President Trump 'obsessed with former President Obama,' columnist claims

President Donald Trump has spent much of the first six months of his presidency promoting his own agenda, but he's also worked to dismantle some of his predecessor's achievements.

From his fervent efforts to repeal Obamacare to his efforts to deregulate mountaintop mining and water protections, Trump has worked closely with the Republican-controlled Congress to dismantle some of President Barack Obama's biggest and most impactful policies.

SEE MORE: Trump administration seeks to rescind Obama-era clean water rule

In a op-ed in the New York Times, columnist Charles Blow argues that his actions, both before and after becoming president, prove that Trump is obsessed with Obama.

He points to the issue that brought Trump into the political sphere to begin with -- birtherism. Trump became one of the most ardent advocates of investigations into Obama's true birth origins, questioning the veracity of claims he was born in the United States even after he produced his long-form birth certificate.

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How Obama and Trump interact
WASHINGTON, DC - NOVEMBER 10: President-elect Donald Trump (L) listens as U.S. President Barack Obama speaks during a meeting in the Oval Office November 10, 2016 in Washington, DC. Trump is scheduled to meet with members of the Republican leadership in Congress later today on Capitol Hill. (Photo by Win McNamee/Getty Images)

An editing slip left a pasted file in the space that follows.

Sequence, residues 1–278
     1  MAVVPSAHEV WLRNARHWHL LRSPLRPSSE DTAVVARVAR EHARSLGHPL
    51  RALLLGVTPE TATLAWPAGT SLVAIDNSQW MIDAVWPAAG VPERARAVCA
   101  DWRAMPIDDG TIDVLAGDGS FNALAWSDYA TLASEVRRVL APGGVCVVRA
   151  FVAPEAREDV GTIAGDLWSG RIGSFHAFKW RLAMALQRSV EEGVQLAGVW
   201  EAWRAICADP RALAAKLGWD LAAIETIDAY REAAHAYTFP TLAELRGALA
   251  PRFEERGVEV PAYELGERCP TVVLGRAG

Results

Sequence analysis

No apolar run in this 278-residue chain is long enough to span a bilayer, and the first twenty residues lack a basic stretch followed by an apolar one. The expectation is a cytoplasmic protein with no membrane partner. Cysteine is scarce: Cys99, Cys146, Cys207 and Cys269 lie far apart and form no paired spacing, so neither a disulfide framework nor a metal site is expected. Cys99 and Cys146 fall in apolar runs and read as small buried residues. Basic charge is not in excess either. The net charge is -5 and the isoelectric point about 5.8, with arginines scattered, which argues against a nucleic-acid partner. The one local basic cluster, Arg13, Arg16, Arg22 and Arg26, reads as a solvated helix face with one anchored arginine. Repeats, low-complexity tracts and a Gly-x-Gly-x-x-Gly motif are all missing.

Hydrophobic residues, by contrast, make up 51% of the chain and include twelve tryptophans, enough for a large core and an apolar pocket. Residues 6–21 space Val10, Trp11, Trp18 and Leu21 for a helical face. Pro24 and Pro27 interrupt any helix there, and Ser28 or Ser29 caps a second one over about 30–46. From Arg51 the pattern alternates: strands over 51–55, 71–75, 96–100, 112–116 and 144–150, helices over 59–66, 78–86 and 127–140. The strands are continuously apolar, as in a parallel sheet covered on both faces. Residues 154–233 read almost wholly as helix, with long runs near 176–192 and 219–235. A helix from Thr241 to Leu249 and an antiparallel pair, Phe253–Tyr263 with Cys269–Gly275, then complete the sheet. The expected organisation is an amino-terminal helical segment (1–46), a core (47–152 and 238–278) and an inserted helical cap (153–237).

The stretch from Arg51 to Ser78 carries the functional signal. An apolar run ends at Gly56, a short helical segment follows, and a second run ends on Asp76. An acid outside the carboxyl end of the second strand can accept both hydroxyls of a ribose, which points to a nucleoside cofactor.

U.S. President Barack Obama, right, listens as U.S. President-elect Donald Trump speaks during a news conference in the Oval Office of the White House in Washington, D.C., U.S., on Thursday, Nov. 10, 2016. Obama on Thursday met face-to-face with Trump, who spent years questioning the eligibility of the first black U.S. president and now will succeed him. Photographer: Pete Marovich/Bloomberg via Getty Images
US President Barack Obama shakes hands with Republican President-elect Donald Trump (L) during a meeting on transition planning in the Oval Office at the White House on November 10, 2016 in Washington,DC. / AFP / JIM WATSON (Photo credit should read JIM WATSON/AFP/Getty Images)